Assuming, then that Masonry owes its origin to the ancient mysteries, it is a pertinent inquiry, where did such mysteries originate, where did they go, and what did they teach? In his chips from a German workshop, Max Muller expressively says: “The history of distant ages and distant men, apparently so foreign to our modern interests, assumes a new charm as soon as we know that it tells us the story of our own race, of our own family, nay, of our own selves."  

Archbishop Whately, in his lectures on Political Economy, in discussing the subject of civilization, observes, “According to the present course of nature, the first introduction of civilization among savages is, and must be, man in a more improved state; in the beginning, therefore, of the human race, this, since there were no means to effect it, must have been the work of another being. There must have been, in short, a revelation made to the first, or to some subsequent generations of our species, and the miracle (for such it is, as being an impossibility, according to the present course of nature,) is attested, independently of the authority of Scripture, and consequently in confirmation of the Scripture accounts, by the fact that civilized man exists at the present day.”

Before, however, proceeding to it, I desire to use the language of Brother Albert Pike, as showing what that belief was, as its eloquent simplicity is far more expressive than any words in which I could couch it. Listen, then, to him; “Forever, in all nations, ascending to the remotest antiquity to which the light of history, or the glimmerings of tradition reach, we find seated above all the Gods which represent the luminaries and the elements, and those which personify the innate powers of universal nature, a still higher Deity, silent, undefined, incomprehensible, the Supreme, one God, from whom all the rest flow or emanate, or by Him are created. God made man in his own likeness; he communicated to him knowledge of the nature of his Creator, and of the pure, primitive, undefiled religion. He stamped his own image upon man’s soul. That image has been in the breast of every individual man and of mankind in general, greatly altered, impaired, and defaced; but its old, half-obliterated characters are still to be found on all the pages of primitive history. Of the original revelation to mankind, of the primitive word of Divine truth, we find clear indications and scattered traces in the sacred traditions of all the primitive nations. Although amid the ever growing degeneracy of mankind, this primeval word of revelation was falsified by the admixture of various errors, and overlaid and obscured by numberless and manifold fictions, inextricably confused, and disfigured almost beyond the power of recognition, still a profound inquiry will discover in heathenism many luminous vestiges of primitive truth. For the old heathenism had everywhere a foundation in truth.”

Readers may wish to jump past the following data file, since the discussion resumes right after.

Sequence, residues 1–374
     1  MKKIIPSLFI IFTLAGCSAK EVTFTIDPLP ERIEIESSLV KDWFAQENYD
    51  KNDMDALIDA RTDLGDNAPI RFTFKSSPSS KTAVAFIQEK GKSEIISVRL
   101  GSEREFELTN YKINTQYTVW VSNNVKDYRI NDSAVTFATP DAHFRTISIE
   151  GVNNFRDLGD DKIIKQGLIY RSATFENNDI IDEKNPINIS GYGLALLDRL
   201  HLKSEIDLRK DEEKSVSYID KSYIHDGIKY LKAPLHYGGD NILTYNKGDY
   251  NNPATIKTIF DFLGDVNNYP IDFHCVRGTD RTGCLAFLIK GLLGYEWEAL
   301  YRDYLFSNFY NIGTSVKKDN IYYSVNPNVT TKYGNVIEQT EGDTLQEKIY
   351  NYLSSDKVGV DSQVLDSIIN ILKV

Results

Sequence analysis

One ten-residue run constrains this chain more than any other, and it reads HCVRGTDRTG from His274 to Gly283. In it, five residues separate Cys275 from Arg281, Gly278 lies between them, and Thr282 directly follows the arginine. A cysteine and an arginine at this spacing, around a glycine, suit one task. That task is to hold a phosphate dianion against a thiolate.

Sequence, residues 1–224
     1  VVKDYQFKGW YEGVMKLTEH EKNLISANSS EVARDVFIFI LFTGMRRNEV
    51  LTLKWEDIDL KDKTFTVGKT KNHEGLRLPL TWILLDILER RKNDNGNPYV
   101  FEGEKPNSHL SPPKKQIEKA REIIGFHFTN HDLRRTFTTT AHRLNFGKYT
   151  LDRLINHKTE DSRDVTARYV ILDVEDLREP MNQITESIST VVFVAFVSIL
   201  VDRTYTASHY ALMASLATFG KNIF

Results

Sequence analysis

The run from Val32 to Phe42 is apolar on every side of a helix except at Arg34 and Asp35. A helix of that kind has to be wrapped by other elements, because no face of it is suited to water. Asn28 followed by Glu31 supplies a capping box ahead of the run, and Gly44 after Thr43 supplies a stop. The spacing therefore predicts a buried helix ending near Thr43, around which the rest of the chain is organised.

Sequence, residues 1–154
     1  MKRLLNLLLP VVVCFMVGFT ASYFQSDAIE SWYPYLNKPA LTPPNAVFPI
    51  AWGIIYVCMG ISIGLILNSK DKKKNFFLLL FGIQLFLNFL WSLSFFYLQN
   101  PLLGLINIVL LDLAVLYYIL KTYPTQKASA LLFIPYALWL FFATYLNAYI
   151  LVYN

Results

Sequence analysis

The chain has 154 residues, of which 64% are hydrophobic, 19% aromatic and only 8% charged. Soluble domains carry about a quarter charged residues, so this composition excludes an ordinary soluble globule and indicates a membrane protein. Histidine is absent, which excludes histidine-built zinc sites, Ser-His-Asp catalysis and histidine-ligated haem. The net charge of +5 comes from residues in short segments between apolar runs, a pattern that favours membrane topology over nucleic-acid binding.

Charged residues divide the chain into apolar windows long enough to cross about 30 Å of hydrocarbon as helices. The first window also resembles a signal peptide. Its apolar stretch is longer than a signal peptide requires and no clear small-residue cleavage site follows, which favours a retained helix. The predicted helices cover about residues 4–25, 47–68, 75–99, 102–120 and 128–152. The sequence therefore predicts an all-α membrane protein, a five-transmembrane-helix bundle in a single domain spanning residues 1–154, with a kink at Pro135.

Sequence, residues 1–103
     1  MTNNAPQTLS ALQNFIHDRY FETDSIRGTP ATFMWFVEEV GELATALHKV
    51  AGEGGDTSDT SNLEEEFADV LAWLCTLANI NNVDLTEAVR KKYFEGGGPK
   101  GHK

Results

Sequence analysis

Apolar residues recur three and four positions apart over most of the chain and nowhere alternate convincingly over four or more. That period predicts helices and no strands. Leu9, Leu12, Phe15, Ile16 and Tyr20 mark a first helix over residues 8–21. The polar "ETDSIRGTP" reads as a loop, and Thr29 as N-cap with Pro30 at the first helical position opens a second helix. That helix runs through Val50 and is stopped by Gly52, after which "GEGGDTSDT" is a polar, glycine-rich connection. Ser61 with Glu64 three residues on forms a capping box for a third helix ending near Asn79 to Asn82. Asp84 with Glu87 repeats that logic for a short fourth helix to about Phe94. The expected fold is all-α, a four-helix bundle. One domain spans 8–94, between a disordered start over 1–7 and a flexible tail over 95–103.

If then I am asked what is Free Masonry my reply is, in the language of its monitorial books, “a beautiful system of morality, veiled in allegory, and illustrated by symbols.” Do not be misled by what I have previously said, into believing that either any other conscientious Masons, or I think that it is a religion, or a rival of religion, or an antagonist of religion. It is neither the one nor the other. Just the reverse; every good Mason will be a better Mason for being a conscientious observer of the particular religious creed to which his faith has led him. But I will also add that every good religious man will be a better man for being a conscientious Mason. I again resort to the language of Brother Albert Pike: “To every Mason there is a God, one supreme, infinite in goodness, wisdom, foresight, justice and benevolence; creator, disposer and preserver of all things. How or by what intermediates he creates and acts, and in what way he unfolds and manifests himself, Masonry leaves to creed and religion to inquire. Thus Masonry disbelieves no truth and teaches unbelief in no creed, except so far as such creed may lower its lofty estimate of the Deity, degrade him to the level of the passions of humanity, deny the high destiny of man, impugn the goodness and benevolence of the Supreme God, strike at the great columns of Masonry, Faith, Hope, and Charity, or inculcate immorality, and disregard of the active duties of the Order. There is no pretence to infallibility in Masonry. It is not for us to dictate to any man what he shall believe. In its idea of rewarding a faithful and intelligent workman by conferring upon him a knowledge of the true word, masonry has perpetuated a very great truth, because it involves the proposition that the idea which a man forms of God, is always the most important element in his speculative theory of the Universe, and in his particular plan of action for the Church, the State, the community, the family, and his own individual life.